For more information, please click here

Copyright © NCI Alliance for Nanotechnology in Cancer

If you have a comment, please Contact us.

Issuers of news releases, not 7th Wave, Inc. or Nanotechnology Now, are solely responsible for the accuracy of the content.

Bookmark:
Delicious Digg Newsvine Google Yahoo Reddit Magnoliacom Furl Facebook

Related News Press

News and information

Ag/ZnO-Nanorods Schottky diodes based UV-PDs are fabricated and tested May 26th, 2017

New metamaterial-enhanced MRI technique tested on humans May 26th, 2017

Controlling 3-D behavior of biological cells using laser holographic techniques May 26th, 2017

Unveiling the quantum necklace: Researchers simulate quantum necklace-like structures in superfluids May 26th, 2017

Possible Futures

Ag/ZnO-Nanorods Schottky diodes based UV-PDs are fabricated and tested May 26th, 2017

New metamaterial-enhanced MRI technique tested on humans May 26th, 2017

Controlling 3-D behavior of biological cells using laser holographic techniques May 26th, 2017

Unveiling the quantum necklace: Researchers simulate quantum necklace-like structures in superfluids May 26th, 2017

Academic/Education

MIT Energy Initiative awards 10 seed fund grants for early-stage energy research May 4th, 2017

Bar-Ilan University to set up quantum research center May 1st, 2017

California Research Alliance by BASF establishes more than 25 research projects in three years April 26th, 2017

SUNY Polytechnic Institute Announces Total of 172 Teams Selected to Compete in Solar in Your Community Challenge: Teams from 40 states, plus Washington, DC, 2 Territories, and 4 American Indian Reservations, Will Deploy Solar in Underserved Communities April 20th, 2017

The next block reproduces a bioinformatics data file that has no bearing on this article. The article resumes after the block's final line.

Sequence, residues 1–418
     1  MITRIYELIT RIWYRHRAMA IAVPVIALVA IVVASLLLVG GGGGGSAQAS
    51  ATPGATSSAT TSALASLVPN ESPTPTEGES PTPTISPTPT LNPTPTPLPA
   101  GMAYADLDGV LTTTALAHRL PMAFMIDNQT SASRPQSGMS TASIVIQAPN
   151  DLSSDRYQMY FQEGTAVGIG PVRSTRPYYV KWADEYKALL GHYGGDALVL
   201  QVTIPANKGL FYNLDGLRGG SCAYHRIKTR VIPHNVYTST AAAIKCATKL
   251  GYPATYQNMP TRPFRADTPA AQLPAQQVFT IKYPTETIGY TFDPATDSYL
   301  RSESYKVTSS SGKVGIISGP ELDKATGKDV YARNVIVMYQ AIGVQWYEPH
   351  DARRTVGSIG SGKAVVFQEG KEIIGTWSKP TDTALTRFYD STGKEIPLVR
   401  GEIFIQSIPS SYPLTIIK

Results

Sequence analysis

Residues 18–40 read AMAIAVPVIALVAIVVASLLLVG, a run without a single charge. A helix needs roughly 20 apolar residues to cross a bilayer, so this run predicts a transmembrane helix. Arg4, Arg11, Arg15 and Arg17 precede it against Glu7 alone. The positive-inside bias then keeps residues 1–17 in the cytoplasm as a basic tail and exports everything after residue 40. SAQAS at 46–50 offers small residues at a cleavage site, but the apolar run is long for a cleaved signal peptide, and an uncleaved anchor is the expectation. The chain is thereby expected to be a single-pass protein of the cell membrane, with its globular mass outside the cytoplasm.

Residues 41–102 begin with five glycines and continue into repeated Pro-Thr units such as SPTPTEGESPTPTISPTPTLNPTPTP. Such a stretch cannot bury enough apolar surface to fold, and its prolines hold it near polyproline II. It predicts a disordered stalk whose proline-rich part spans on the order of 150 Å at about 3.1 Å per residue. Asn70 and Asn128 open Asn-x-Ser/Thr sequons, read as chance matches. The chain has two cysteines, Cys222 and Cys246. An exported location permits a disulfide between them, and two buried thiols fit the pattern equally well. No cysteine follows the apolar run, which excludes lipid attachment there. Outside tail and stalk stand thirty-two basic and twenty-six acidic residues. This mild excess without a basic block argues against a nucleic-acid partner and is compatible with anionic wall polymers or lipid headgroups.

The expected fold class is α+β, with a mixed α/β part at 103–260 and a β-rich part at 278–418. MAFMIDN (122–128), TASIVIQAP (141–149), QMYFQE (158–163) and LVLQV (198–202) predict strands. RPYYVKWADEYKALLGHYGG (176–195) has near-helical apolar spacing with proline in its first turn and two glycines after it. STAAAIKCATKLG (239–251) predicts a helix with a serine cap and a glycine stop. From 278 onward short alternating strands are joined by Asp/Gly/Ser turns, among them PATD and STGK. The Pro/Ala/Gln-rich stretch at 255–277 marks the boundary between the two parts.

Nanomedicine

New metamaterial-enhanced MRI technique tested on humans May 26th, 2017

Controlling 3-D behavior of biological cells using laser holographic techniques May 26th, 2017

Zap! Graphene is bad news for bacteria: Rice, Ben-Gurion universities show laser-induced graphene kills bacteria, resists biofouling May 22nd, 2017

Sensors detect disease markers in breath May 19th, 2017

Announcements

Ag/ZnO-Nanorods Schottky diodes based UV-PDs are fabricated and tested May 26th, 2017

New metamaterial-enhanced MRI technique tested on humans May 26th, 2017

Controlling 3-D behavior of biological cells using laser holographic techniques May 26th, 2017

Unveiling the quantum necklace: Researchers simulate quantum necklace-like structures in superfluids May 26th, 2017

Nanobiotechnology

Zap! Graphene is bad news for bacteria: Rice, Ben-Gurion universities show laser-induced graphene kills bacteria, resists biofouling May 22nd, 2017

Sensors detect disease markers in breath May 19th, 2017

Oddball enzyme provides easy path to synthetic biomaterials May 17th, 2017

The brighter side of twisted polymers: Conjugated polymers designed with a twist produce tiny, brightly fluorescent particles with broad applications May 16th, 2017

NanoNews-Digest
The latest news from around the world, FREE



  Premium Products
NanoNews-Custom
Only the news you want to read!
 Learn More
NanoTech-Transfer
University Technology Transfer & Patents
 Learn More
NanoStrategies
Full-service, expert consulting
 Learn More











ASP
Nanotechnology Now Featured Books




NNN

The Hunger Project